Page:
CCC TCA GAA TGA TAT TTG TCC TCA
The polymorphic content for nuclear and mitochondrial primers were analyzed using Bionumerics software . Band search parameters were kept constant as 5% minimum profiling for all the gels. The position tolerance for selection of bands in constructing a dendrogram was kept constant at 1% through out the interpretations. Only bands showing clear and reproducible patterns were included in the final analysis and these were scored. Real-time normalization of gel electrophoresis patterns and band position for all the gels was based on the reference system for the species-specific bands. Normalization helped us to control the brightness and streakiness of bands without altering the lighter bands and also control the inter-gel mobility shifts. Subsequently a data matrix of similarity values was produced for each individual for each marker. The Dice coefficient was used to analyze the similarities of the banding patterns. Consensus similarity matrix and dendrogram based upon individual matrices from different markers were used for pair wise clustering based on unweighted pair group method (UPGMA) with average linkages (11). The UPGMA dendrogram prevails on the assumption that nucleotide substitution rates are same across all branches. It employs a sequential clustering algorithm, in which local topological relationships are identified in order of similarity, and the phylogenetic tree is built in a stepwise manner. All analysis was done using Bionumerics software V-2.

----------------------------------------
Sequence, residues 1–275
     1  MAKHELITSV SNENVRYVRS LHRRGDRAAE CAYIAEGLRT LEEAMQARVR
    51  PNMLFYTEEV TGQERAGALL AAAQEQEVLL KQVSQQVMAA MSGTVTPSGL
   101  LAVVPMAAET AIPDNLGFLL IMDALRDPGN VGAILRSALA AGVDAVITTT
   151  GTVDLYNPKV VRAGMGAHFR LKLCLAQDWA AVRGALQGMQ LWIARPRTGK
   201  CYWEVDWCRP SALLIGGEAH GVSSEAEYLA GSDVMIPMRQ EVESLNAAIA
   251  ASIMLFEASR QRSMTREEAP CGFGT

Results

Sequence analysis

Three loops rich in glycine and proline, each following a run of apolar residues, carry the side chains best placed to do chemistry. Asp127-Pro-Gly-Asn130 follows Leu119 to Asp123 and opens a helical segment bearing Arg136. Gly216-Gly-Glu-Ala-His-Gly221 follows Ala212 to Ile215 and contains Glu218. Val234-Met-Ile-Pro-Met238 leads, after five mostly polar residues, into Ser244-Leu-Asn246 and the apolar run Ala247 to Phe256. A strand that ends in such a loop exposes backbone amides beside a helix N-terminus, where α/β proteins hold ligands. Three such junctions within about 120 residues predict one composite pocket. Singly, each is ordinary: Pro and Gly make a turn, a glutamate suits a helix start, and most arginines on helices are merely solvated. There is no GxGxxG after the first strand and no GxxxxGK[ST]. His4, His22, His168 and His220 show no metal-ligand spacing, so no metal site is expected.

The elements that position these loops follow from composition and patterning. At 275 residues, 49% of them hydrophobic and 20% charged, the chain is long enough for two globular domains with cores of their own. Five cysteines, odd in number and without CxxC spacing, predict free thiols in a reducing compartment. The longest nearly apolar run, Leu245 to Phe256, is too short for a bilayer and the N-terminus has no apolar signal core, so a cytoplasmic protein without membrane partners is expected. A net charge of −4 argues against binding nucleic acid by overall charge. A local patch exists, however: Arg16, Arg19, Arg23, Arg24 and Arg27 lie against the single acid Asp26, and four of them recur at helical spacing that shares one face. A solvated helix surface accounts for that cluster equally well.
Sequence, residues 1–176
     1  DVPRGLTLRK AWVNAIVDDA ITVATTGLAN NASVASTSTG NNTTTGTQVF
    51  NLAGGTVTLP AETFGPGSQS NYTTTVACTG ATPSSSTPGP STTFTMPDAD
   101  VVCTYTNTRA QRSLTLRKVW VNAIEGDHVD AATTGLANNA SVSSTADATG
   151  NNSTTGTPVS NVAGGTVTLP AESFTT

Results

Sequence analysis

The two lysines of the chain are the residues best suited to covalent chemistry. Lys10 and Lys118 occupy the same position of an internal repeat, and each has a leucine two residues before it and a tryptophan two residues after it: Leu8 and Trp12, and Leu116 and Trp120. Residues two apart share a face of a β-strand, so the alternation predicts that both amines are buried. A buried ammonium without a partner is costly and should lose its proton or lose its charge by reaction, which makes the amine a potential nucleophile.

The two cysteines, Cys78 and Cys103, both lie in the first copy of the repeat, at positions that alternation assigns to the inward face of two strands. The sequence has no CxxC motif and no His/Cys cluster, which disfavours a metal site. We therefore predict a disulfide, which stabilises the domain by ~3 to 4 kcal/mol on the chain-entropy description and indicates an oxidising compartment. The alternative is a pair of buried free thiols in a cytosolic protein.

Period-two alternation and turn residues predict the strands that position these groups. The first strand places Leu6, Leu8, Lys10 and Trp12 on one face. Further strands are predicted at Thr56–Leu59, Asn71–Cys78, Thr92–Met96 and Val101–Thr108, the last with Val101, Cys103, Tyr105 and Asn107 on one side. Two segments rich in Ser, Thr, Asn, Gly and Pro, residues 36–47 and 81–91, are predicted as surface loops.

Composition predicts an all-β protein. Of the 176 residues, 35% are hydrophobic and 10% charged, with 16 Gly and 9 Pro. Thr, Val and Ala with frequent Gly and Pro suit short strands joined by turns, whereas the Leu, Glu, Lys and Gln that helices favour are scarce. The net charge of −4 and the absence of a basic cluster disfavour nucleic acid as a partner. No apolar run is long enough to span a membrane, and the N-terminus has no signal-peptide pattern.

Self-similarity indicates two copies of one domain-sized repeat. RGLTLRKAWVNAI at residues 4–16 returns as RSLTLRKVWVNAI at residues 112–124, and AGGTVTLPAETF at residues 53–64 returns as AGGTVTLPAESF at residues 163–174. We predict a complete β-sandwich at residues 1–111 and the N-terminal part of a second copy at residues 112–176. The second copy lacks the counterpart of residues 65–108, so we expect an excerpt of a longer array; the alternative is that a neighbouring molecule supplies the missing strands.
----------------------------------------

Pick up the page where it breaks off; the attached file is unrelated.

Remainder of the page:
We thank the Department of Biotechnology, Government of India for financial support. The authors are thankful to Dr. Hugh D Loxdale for his valuable suggestions on the manuscript of this paper.
- Browne FG: Pests and Diseases of Forest Plantation Trees. 1968, Clarendon Press, OxfordGoogle Scholar